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“You have to effect a generation change in the Congress if you want to win the next election in Assam,” Sarma was quoted as saying bluntly to Sonia Gandhi and her political secretary, Ahmed Patel. The party leadership agreed to send old Karnataka warhorse and prominent Dalit face, Mallikarjun Kharge, as an observer to Guwahati to verify Sarma’s claim that he enjoyed the support of a majority of the MLAs. Kharge’s report confirmed that Sarma was backed by 52 of the 78 MLAs. “I was assured by Soniaji and Ahmed Patel that it was only a matter of time before I was made chief minister,” Sarma was quoted as saying by the book.

Sardesai further wrote that Rahul Gandhi, after his midsummer break in July 2014, immediately red-flagged Sarma’s elevation. “No way, I will not accept the removal of Gogoi in this manner,” was his explicit message, says the book. Later, the Congress high command refused to confront with Rahul and decided to put the Assam leadership issue on hold. Left out in the cold, the book says further, “Sarma resigned as minister in the Gogoi Cabinet to set up the pressure on the party high command.” Referring to Himanta Biswa Sarma’s reaction over the issue, Sardesai then quotes him as saying, “I was angry and felt betrayed but didn’t want to leave a party I had been part of since 1993.”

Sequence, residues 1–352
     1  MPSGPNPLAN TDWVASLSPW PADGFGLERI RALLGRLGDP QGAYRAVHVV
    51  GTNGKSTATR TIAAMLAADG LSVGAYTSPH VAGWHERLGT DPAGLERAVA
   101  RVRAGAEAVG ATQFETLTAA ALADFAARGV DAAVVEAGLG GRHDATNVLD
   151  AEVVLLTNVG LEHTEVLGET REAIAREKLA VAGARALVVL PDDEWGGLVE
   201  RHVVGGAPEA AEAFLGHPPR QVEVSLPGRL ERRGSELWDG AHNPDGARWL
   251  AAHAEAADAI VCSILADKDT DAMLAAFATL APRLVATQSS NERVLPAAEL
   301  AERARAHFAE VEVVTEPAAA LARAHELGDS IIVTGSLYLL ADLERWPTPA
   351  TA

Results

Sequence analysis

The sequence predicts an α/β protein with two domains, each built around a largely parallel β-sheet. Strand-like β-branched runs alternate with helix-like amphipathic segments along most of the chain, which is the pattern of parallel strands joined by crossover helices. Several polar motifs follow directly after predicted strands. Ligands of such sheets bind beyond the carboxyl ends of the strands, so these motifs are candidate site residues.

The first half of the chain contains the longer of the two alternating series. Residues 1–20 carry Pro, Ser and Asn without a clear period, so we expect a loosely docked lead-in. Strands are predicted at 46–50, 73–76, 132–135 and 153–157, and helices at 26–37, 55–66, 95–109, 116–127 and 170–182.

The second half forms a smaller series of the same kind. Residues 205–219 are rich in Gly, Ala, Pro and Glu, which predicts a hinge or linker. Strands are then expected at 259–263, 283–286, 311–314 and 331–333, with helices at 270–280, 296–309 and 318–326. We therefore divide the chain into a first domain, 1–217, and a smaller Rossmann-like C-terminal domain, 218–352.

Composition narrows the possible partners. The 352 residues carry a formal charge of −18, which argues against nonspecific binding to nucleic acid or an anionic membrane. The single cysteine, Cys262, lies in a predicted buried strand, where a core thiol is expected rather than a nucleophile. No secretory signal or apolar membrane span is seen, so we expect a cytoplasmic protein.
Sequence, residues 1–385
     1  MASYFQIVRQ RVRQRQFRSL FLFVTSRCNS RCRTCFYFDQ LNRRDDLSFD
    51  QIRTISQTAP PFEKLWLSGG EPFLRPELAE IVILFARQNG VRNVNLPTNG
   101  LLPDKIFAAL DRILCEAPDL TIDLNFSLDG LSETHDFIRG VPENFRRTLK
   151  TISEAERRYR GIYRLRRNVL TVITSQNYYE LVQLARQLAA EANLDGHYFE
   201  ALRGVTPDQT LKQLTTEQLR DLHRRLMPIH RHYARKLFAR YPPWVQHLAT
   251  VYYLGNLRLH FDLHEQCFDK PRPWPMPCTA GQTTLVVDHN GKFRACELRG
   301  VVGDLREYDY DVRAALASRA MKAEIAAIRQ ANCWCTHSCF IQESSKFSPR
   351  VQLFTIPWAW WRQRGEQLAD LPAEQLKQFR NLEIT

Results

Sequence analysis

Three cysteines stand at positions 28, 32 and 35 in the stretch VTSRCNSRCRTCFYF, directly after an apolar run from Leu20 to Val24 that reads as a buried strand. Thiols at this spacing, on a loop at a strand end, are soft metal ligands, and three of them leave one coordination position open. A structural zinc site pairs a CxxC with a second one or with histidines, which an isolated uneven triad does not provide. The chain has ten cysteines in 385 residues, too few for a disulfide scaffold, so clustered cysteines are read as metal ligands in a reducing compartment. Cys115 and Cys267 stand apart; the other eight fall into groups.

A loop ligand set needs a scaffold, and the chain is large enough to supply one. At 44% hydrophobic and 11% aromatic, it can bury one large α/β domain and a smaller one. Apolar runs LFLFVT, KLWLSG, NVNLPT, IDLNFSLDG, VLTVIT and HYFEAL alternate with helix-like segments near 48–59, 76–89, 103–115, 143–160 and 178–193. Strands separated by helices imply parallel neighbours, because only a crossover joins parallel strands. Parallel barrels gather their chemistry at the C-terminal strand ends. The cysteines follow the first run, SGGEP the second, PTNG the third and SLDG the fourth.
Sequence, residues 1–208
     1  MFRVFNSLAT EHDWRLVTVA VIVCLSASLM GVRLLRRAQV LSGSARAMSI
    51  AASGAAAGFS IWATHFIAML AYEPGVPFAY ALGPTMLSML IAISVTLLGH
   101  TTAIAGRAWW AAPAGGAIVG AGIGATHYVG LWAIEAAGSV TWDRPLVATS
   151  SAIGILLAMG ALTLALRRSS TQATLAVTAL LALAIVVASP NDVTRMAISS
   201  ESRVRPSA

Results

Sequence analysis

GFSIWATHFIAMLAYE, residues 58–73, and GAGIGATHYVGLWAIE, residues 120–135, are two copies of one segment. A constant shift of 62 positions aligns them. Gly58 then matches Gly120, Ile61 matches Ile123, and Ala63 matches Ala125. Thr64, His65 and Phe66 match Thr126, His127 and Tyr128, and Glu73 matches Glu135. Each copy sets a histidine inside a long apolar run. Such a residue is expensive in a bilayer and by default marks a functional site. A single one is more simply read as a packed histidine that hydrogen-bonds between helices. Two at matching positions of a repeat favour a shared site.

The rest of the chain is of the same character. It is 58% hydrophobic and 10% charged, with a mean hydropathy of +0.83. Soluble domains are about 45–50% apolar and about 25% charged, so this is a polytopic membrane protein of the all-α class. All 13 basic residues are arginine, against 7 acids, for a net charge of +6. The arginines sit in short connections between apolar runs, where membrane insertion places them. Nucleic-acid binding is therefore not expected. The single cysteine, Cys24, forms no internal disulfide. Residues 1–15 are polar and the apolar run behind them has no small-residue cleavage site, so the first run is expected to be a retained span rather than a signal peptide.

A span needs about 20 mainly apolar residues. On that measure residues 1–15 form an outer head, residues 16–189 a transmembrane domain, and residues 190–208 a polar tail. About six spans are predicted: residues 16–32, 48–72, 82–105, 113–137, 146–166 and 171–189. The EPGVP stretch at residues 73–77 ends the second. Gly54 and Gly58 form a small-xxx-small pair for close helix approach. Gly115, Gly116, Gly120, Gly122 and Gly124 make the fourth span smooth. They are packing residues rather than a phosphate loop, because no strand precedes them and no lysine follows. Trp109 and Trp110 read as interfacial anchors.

Sarma had other issues to deal with too at the time: his name had cropped up in the multi-crore Saradha chit fund scam, the book says.

In early 2015, when Sarma got respite from the court, he started shuttling between New Delhi and Guwahati to convince his party leadership that he is the right person for the top party post in Assam, writes Sardesai.

“In every meeting, despite support for Sarma from senior leaders like Patel and Ghulam Nabi Azad, Rahul would veto any change of guard. A final meeting was held at Rahul’s Tughlaq Road residence in March 2015 with Tarun Gogoi, Sarma and Assam Congress president Anjan Dutta in attendance,” the book says.